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Help on shoe choices please

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  • ppoollkk
    replied


    Thanks Bookman, I'm getting the Millport

    Leave a comment:


  • zerostyle
    replied


    Don't even think about paying $160 for the canfield. It regularly goes on sale for $130, and I've seen it as low as $80.


    The shape is pretty nice, but the overall quality is kinda blah. For $80 it might not be a bad option, but make sure you inspect them right away. Mine had terrible creasing on the left foot. I still have them today and wish I would have returned them.

    Leave a comment:


  • Bookman
    replied


    canfield is available on Amazon in 9D

    http://www.amazon.com/Florsheim-Mens-Canfield-Oxford-Black/dp/B000GW7IES/ref=sr_1_1?ie=UTF8&qid=1341941664&sr=8-1&keywords=florsheim+canfield


    the next level down would be the Millport (part of their Limited collection); which is a nice shoe with full grain leather (what you want); but, I am not sure if it is GoodYear Welted (which means the shoe will be harder to repair once it becomes worn...Canfield is Goodyear Welted). If you buy this, use "link20" as your code upon checkout (20% off).

    http://www.florsheim.com/shop/style/12065-200.html


    The replacement for the Canfield (the Chatham) does not appear to be available in your size...

    Leave a comment:


  • ppoollkk
    replied


    Oh and I would go for the Canfield but they are out in size 9D

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  • ppoollkk
    replied


    Hi everyone, I'm back. The Edgar was great but the insole stitching came off so I sent it in for a replacement. However, it is now OOS and I have to exchange for another Florsheim.


    Customer rep said these are the closest to the Edgar


    http://www.florsheim.com/shop//image...5/18358-01.jpg

    http://www.florsheim.com/shop//image.../12048-001.jpg

    http://www.florsheim.com/shop//images/shoeMens/w375/18194-01.jpg


    What do you guys think, or are there others from www.florsheim.com that you like?

    Leave a comment:


  • kenneth
    replied


    @OP, the rubbing on the ankle is what would concern me, as that can *really* take the panache out of wearing a new pair of shoes. Look into the above lacing site, there are some styles of lacing that can change around the pressure of the shoe to perhaps remove that pressure from your ankle.

    Leave a comment:


  • Bookman
    replied


    Ian's is the go to lacing site...he does a great job of explaining multiple styles of lacing...

    http://www.fieggen.com/shoelace/lacingmethods.htm

    Leave a comment:


  • bruschetta
    replied


    ppoollkk, I'll write something up about straight lacing when I get a moment free.


    Your leather soled shoes will be slippery if you've never worn them out of the house. Once you wear them on a sidewalk or a street they'll gain traction and the problem will go away. The heel noise is indicative of a cheap shoe (in my opinion), and the rubbing on your ankle is due to either a poor fit or leather that has not broken in.

    Leave a comment:


  • ppoollkk
    replied


    So the Edgar I bought came yesterday. It fits quite well. The only thing is that the shoe leather bottom has a tendency to slide on carpet and the shoe scuffs against my ankle when walking ( but only on my right foot though, don't know why). Also the heels make a little bit of noise.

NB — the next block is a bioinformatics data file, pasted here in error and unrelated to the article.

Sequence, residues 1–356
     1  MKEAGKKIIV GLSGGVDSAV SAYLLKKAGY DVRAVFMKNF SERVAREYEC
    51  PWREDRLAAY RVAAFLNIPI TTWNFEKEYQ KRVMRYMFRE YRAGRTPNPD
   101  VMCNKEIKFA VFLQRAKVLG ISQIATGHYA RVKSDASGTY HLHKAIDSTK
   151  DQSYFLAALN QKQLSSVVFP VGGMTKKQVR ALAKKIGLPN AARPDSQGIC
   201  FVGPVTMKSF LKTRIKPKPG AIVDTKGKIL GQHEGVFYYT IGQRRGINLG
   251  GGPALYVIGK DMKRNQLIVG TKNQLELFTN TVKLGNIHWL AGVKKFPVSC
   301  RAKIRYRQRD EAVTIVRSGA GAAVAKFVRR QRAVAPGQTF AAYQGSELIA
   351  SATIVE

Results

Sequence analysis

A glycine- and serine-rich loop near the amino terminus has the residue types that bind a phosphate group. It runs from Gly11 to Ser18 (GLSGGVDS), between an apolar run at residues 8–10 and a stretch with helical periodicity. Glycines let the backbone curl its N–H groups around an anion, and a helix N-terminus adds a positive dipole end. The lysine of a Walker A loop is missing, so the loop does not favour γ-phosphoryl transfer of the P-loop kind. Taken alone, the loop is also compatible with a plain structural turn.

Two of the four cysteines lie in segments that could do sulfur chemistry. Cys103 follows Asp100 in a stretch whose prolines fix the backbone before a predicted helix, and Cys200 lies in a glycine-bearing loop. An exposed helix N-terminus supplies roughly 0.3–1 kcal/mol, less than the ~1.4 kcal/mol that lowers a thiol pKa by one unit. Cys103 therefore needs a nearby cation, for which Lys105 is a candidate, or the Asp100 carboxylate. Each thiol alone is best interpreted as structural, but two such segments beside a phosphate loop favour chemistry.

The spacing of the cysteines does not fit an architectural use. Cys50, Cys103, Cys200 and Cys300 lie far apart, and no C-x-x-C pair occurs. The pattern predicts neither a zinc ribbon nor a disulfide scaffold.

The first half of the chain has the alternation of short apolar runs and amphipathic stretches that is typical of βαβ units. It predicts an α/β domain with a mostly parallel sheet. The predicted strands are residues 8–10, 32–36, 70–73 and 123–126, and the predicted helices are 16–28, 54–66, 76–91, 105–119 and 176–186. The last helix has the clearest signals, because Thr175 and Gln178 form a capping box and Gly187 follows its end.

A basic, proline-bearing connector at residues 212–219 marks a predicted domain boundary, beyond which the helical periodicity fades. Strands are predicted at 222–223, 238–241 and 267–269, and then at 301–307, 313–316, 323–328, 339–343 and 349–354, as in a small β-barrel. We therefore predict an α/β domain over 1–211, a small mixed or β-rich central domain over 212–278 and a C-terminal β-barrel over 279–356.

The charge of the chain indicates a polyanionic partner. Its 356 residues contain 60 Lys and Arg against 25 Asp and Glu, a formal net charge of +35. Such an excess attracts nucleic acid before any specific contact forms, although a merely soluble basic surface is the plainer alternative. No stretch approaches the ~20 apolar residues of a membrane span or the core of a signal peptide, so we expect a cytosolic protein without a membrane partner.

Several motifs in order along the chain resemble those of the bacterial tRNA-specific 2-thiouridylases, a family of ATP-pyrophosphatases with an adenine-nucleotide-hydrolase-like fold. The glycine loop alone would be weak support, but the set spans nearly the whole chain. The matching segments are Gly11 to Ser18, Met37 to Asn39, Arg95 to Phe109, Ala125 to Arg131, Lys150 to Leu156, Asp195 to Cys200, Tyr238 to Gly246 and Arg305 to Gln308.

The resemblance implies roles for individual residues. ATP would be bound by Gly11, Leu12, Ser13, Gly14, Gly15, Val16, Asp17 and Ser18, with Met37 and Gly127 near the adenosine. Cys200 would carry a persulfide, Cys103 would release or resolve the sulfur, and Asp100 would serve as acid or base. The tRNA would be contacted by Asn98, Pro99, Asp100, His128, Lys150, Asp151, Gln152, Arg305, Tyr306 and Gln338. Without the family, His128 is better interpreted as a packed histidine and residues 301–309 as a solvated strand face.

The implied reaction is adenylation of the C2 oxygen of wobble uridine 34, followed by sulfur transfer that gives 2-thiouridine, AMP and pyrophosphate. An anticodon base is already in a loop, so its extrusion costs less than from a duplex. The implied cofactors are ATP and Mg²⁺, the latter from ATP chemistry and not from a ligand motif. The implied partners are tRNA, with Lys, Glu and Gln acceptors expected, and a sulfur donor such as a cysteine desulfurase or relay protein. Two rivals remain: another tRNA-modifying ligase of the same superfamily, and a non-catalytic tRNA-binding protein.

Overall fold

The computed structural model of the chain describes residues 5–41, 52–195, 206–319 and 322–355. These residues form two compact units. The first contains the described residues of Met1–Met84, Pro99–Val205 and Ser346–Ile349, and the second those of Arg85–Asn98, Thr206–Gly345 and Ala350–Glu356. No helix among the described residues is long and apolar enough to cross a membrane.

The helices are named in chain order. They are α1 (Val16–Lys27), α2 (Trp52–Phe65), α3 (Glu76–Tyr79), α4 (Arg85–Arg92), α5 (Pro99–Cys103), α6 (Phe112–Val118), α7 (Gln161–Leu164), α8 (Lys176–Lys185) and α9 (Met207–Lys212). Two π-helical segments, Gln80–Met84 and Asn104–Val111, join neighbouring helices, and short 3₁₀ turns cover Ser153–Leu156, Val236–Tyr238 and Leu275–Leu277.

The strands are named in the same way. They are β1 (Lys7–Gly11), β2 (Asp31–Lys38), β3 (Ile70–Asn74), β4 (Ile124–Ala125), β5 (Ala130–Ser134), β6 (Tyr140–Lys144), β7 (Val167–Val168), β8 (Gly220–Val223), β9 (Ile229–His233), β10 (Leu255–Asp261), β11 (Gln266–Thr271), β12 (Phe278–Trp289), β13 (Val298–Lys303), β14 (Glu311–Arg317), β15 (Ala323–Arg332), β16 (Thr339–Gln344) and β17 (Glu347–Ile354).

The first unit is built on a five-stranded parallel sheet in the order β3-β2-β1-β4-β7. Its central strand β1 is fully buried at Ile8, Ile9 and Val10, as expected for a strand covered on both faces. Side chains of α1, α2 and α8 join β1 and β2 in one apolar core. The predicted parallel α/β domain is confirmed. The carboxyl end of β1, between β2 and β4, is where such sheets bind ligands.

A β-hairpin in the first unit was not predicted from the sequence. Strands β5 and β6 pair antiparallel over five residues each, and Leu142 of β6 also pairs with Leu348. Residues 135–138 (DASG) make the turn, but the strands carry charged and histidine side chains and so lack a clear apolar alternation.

Help please!

    Leave a comment:


  • ppoollkk
    replied


    bruschetta: yes please

    Leave a comment:


  • bruschetta
    replied


    If it would help, I can post a bit of a tutorial on how to straight lace (English) with even and odd eyelets. Odd eyelets require one cross, but it's hidden on oxfords and most bluchers.

    Leave a comment:


  • nicholascrawford
    replied


    I only do straight lacing on my balmoral shoes. It's more formal, so they go well together.


    I don't know what you're describing, shadow, but zerostyle described it well. Balmoral (Oxford in the UK) is closed while blucher is open. Ask Andy has a pictorial post.

    Leave a comment:


  • shad0w4life
    replied


    I'm confused, I thought Bal was no leather sewen onto the vamp, rather it was 1 piece like both of those shoes, where something like an AE players shoe was a Blucher because the eyelet piece is sewn ontop of the upper.


    One thing that I've learned lately is the number of eyelets can affect your ability to do nice bar lacing if you have a high instep etc.


    My AEs are 5 eyelets in the players and my final eyelets the laces go IN, just so I can do ladder bar instead of Euro Bar lacing that kills my instep. If I never discovered that I would have had to get rid of the shoes.

    Leave a comment:


  • chetsteadman
    replied


    Nobody will care whether or not you've got open lacing--especially if you're in undergrad. My first job out of school was at GS and I went to that interview in loafers.

    Leave a comment:


  • zerostyle
    replied


    You know, while the balmoral is more formal, it's definitely one of those things that only those heavy into style will ever notice.


    Some of the balmorals close so closely together that there's barely a difference. I'd say it's most noticeable if you decide to go with the bar-lacing rather than the standard lacing.


    Also, just so you know, the Edgar is the MORE formal of the two. Balmoral = closed lacing. Blucher = open lacing.

    Leave a comment:

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